Defendant in double-murder case erupts during trial

As a witness in court describes a brutal attack on her family, the man accused of the crimes is warned to 'behave' himself.

November 08, 2013|By Adolfo Flores

As a woman on the witness stand described how she was attacked in a violent rampage that left her husband and daughter dead, the man accused of the crimes erupted in anger in an Orange County courtroom Thursday.

"That's not what happened," Iftekhar Murtaza said, loudly enough to interrupt Leela Dhanak's testimony in the 2007 double-murder case.

Murtaza, 29, is accused of killing his ex-girlfriend's father, Jayprakash Dhanak, 56, and sister, Karishma Dhanak, 20, and attempting to kill Dhanak before setting fire to their Anaheim Hills mansion in 2007.

Dhanak, the ex-girlfriend's mother, was found critically wounded on a neighbor's lawn and was in a coma for weeks. The gasoline-drenched bodies of her husband and daughter were later found smoldering in a secluded spot near UC Irvine.


The outburst prompted three bailiffs to surround Murtaza and drew an admonishment from the judge.

Superior Court Judge Thomas M. Goethals told the defendant to "behave" himself and threatened to have him removed from the court if it happened again.

Prosecutors maintain that Murtaza was motivated to kill after his girlfriend, Shayona Dhanak, broke up with him, saying her Hindu family disapproved of him because he was Muslim. Shayona Dhanak testified earlier in the trial that the cultural differences were just an excuse to break off the relationship.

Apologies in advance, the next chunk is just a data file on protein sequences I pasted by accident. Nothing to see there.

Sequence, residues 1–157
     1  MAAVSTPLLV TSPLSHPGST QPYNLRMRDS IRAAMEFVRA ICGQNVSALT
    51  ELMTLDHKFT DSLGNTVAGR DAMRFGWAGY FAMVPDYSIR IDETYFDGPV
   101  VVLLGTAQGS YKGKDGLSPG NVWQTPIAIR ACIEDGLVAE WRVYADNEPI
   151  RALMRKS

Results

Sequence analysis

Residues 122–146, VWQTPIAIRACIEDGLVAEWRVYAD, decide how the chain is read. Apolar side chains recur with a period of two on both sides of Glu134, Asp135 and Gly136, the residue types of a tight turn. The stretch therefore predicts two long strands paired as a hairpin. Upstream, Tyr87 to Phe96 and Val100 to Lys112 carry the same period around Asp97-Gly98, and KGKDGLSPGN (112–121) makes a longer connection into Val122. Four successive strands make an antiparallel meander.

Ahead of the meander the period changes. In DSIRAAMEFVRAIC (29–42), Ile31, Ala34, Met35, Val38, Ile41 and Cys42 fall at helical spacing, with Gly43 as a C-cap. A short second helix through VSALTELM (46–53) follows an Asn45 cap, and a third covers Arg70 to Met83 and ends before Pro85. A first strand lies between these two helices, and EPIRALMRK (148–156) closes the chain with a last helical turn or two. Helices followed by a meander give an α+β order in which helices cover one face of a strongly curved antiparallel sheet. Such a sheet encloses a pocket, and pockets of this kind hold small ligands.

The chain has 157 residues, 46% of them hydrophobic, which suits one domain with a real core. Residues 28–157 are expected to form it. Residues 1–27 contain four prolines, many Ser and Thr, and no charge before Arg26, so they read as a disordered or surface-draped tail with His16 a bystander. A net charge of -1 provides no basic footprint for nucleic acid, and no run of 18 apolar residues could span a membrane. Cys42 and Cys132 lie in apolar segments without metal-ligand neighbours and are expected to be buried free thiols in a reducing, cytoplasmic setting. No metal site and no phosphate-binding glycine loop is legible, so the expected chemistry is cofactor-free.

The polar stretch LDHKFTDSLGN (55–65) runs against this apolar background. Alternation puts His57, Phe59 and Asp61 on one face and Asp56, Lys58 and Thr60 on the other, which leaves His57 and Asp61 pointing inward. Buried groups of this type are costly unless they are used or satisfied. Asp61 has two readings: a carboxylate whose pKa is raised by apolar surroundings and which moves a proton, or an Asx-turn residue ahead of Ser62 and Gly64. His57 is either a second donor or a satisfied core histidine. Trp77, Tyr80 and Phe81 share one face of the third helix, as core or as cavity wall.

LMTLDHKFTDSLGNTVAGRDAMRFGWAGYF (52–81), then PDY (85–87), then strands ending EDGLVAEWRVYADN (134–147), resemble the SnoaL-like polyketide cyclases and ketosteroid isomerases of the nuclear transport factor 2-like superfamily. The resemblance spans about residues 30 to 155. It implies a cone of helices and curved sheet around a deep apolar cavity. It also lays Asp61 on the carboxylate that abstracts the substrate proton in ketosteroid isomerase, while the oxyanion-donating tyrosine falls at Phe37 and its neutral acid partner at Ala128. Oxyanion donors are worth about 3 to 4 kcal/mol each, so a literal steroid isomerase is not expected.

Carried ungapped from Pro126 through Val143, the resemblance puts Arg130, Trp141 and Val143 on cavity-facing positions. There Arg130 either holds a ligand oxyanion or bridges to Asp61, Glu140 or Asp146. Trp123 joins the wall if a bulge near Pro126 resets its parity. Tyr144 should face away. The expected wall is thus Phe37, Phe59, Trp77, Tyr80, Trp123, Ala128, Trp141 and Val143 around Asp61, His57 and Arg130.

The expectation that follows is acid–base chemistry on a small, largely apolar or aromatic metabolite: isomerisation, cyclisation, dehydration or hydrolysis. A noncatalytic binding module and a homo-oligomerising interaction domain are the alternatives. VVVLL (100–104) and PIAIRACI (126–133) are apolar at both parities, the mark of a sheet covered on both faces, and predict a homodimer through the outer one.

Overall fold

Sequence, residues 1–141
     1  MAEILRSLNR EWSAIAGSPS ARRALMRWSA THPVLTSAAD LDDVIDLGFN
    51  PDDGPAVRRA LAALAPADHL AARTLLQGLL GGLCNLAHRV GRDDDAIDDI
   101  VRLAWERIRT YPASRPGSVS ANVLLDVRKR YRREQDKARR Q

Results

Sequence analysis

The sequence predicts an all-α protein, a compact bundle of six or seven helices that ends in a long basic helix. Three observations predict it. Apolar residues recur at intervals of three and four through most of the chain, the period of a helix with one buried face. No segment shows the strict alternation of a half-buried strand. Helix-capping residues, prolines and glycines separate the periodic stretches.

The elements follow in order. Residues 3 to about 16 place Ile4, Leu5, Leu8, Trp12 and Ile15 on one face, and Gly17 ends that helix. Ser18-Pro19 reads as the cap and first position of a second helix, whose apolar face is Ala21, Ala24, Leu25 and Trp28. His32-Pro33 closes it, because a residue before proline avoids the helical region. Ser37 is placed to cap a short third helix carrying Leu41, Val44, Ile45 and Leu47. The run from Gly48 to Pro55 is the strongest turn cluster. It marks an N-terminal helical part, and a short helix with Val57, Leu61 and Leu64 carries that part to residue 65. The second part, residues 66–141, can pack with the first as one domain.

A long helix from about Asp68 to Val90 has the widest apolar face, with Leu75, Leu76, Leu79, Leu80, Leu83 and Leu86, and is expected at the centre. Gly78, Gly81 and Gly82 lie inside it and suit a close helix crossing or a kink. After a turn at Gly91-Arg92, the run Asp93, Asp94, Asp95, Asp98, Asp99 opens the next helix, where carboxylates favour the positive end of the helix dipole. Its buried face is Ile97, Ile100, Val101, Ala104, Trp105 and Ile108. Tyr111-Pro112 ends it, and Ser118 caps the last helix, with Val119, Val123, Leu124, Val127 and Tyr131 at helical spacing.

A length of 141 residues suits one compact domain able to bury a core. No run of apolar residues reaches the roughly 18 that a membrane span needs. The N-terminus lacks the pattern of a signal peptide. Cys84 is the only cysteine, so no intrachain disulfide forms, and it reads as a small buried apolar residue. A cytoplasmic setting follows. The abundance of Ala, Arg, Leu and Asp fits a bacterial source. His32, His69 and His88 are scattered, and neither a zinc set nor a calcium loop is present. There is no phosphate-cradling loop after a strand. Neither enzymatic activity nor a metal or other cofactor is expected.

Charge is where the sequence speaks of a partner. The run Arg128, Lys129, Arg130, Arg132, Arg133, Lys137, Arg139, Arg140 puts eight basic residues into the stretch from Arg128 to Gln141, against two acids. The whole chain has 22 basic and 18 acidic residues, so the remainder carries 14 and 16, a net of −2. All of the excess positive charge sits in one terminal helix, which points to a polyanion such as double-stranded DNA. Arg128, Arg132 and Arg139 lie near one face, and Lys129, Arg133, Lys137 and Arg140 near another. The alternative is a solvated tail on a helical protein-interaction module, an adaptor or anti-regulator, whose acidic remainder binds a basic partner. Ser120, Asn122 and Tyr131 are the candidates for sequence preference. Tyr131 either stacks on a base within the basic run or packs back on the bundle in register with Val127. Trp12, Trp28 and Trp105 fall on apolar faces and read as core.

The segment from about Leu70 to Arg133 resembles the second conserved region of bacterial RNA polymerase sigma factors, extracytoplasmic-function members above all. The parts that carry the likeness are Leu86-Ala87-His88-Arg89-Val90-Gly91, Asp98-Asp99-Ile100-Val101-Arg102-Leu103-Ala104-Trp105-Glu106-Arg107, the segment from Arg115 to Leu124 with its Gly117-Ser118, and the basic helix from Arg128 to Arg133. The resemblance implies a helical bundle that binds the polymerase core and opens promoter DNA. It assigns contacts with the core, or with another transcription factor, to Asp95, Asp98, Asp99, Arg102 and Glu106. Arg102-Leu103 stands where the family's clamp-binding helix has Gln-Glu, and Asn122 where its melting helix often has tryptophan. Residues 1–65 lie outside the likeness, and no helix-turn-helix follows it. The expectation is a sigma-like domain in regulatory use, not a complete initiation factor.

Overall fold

Authorities said that after she ended the relationship, Murtaza became enraged and enlisted friends to help kill her family, believing that by eliminating them, she would see him as a "white knight" and reunite with him. Authorities said he initially tried to hire professional hit men.

On Thursday, the mother identified Murtaza as one of two attackers she encountered inside her home.

"He had a knife in his hand and had it across my throat like that," Dhanak testified, moving her hand from left to right across her scarred neck.

"He stabbed me on my tummy, on my stomach," she said.

"And then what else did he do?" asked Deputy Dist. Atty. Howard Gundy.

"He hit me on the head and I fell down," she said, dabbing her eyes with a tissue. "After that I don't remember anything."

During a break, the judge told Murtaza that while he could understand that Dhanak's testimony was upsetting to him, he had to restrain himself.

"The jury saw and heard what happened; I have no idea what their impression of that was," Goethals said.

"It won't happen again," Murtaza said. "Promise."

His attorneys declined to comment on the outburst.

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